Submitted to: Genetic Resources and Crop Evolution
Publication Type: Peer Reviewed Journal
Publication Acceptance Date: 8/17/1999
Publication Date: N/A
Citation: N/A Interpretive Summary: The Colorado potato beetle is a serious pest of the cultivated potato. Natural resistance has been found in a few related wild species, including Solanum chacoense, in which the resistance is attributed to the presence of compounds called leptines. This trait could be useful in a breeding program to introduce resistance to the beetle into the cultivated potato. However, even within S. chacoense, plants which produce high levels of leptines are presumed to be rare. In this manuscript, we report on the results of a survey of S. chacoense plants collected from various locations within Argentina and surrounding areas (the natural range of the species) in an effort to determine the frequency of leptine-producing plants, and to see if a specific location could be found where such plants grow. We found no high leptine producers, but low to mid levels of leptine were detected in some plants along a north-south region in northwest Argentina. We also detected nine unidentified compounds in some plants. This information will be useful to scientists in identifying sources of plant material which contain leptines, and the unidentified compounds may also be useful as sources of insect or pest resistance.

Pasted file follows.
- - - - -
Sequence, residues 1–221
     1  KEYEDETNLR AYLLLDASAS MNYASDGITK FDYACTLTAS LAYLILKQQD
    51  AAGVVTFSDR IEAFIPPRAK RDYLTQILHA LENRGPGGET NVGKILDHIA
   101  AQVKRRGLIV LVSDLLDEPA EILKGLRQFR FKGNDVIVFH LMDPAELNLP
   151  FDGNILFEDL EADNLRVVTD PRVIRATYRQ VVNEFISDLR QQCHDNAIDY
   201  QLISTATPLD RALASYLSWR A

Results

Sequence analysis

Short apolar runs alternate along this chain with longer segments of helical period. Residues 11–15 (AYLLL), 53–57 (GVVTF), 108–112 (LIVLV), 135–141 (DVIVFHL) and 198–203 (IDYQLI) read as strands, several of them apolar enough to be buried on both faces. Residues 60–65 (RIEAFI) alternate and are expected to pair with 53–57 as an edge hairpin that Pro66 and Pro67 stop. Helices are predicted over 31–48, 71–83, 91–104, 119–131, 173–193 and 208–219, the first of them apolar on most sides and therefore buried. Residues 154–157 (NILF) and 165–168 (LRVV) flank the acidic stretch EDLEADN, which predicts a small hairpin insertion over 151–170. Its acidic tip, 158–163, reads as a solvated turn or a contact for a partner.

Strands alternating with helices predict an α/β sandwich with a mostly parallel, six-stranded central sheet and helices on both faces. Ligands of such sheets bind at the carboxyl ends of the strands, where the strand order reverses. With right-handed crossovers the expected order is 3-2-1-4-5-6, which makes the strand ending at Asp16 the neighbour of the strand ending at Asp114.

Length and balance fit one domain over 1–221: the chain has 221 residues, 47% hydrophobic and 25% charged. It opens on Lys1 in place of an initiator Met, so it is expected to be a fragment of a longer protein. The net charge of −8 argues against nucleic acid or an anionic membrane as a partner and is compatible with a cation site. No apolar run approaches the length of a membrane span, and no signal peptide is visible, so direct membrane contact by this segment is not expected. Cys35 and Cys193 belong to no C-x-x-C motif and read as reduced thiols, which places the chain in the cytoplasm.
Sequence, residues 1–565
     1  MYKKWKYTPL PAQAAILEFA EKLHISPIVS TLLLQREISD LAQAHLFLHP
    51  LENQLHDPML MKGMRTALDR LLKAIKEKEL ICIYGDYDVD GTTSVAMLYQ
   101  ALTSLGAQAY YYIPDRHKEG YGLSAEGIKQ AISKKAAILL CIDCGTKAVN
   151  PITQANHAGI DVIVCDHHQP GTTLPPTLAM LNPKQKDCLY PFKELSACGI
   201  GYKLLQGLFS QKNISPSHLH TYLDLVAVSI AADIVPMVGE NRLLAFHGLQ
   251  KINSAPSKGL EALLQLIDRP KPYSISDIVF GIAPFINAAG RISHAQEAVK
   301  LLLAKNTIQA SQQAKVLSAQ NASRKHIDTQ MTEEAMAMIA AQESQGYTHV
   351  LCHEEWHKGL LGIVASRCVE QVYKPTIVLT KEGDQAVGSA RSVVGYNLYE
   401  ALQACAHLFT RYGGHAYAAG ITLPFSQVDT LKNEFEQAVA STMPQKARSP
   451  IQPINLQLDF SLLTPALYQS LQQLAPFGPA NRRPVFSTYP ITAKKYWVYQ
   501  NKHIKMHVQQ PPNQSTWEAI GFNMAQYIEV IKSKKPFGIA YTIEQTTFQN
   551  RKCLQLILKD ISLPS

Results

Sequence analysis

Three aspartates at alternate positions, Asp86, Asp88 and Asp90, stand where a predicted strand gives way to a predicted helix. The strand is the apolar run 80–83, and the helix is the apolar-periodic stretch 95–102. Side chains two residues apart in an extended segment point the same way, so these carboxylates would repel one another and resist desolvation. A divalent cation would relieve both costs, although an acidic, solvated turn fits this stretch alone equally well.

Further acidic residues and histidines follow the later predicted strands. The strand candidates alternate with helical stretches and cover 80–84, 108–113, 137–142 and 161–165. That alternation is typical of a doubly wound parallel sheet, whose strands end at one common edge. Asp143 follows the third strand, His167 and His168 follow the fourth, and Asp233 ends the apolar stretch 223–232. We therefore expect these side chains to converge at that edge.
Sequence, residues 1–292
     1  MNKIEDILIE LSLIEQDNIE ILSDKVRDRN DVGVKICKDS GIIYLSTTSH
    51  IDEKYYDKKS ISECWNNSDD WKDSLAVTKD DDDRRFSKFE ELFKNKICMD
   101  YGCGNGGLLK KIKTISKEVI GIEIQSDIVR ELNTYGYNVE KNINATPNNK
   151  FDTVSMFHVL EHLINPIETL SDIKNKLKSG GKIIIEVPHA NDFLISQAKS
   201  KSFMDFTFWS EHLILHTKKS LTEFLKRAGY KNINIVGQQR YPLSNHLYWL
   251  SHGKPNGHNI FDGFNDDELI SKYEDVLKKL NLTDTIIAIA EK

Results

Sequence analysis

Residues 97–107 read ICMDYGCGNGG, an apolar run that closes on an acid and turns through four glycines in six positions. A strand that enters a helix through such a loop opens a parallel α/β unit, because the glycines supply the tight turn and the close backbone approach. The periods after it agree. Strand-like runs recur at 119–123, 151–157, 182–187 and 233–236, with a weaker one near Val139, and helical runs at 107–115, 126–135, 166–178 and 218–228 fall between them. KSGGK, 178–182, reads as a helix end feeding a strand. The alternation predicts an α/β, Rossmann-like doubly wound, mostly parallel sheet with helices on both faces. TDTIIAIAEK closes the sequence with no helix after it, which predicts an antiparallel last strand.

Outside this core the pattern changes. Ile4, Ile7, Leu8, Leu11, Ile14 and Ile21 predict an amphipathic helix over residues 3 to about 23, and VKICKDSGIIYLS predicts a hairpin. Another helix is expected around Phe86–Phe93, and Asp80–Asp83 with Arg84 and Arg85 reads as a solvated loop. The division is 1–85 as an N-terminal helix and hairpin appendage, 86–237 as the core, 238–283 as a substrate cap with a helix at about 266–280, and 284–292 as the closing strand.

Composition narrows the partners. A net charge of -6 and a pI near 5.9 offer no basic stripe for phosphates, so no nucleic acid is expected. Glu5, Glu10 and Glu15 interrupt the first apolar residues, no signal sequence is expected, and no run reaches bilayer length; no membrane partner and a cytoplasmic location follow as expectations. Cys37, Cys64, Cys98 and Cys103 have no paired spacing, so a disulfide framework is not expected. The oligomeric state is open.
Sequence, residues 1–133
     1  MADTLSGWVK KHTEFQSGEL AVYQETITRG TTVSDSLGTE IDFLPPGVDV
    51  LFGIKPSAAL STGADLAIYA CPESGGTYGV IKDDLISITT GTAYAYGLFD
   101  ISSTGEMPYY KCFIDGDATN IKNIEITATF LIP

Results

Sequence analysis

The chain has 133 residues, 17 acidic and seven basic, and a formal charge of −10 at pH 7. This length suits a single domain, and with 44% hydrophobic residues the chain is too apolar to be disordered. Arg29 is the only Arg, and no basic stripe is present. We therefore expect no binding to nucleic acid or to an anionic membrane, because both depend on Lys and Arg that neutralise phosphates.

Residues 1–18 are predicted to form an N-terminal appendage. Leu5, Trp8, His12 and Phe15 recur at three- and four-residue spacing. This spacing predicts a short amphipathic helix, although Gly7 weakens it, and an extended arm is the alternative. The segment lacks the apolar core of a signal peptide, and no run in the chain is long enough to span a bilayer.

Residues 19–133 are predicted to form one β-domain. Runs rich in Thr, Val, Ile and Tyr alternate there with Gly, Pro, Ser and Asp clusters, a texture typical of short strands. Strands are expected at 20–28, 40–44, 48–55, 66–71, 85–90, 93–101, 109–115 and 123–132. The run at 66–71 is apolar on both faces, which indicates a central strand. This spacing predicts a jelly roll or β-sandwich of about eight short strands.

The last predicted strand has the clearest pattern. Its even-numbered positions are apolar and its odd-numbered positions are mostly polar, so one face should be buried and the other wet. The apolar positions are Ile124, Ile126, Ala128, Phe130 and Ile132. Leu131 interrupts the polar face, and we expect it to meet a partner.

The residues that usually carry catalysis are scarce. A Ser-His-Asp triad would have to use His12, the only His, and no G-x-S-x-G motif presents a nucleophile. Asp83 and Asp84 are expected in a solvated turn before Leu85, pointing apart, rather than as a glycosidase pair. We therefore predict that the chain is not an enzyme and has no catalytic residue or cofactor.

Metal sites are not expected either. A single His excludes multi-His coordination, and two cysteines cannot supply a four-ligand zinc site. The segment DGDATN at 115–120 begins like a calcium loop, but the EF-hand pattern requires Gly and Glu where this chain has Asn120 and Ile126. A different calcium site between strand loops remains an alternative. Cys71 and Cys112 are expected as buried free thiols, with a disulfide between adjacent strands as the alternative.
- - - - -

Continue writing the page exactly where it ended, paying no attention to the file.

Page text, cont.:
Technical Abstract: The Colorado potato beetle is a serious pest of the cultivated potato. Natural resistance has been found in a few wild species, including Solanum chacoense Bitter, in which the resistance is attributed to the presence of leptine glycoalkaloids. Production and accumulation of these compounds within S. chacoense vary widely and appear to be inherited in a quantitative fashion, but high leptine producing clones occur rarely. In this study, 15 different accessions from various locations and altitudes of origination were analyzed for foliar glycoalkaloid content in order to determine the frequency and distribution of genes for leptine production/accumulation, and to see if we could find a center, or core, of leptine production. Leptines were detected in 8 of the 15 accessions, and the amounts within each accession varied widely, but none of the individuals produced high amounts of leptine (defined as # 62% of total glycoalkaloids). All leptine-containing accessions originated from western Argentina. There was no relationship between elevational level and leptine, but there was a negative trend with total glycoalkaloids (TGA) and elevation; this was due to levels of solanine and chaconine decreasing with increasing elevation.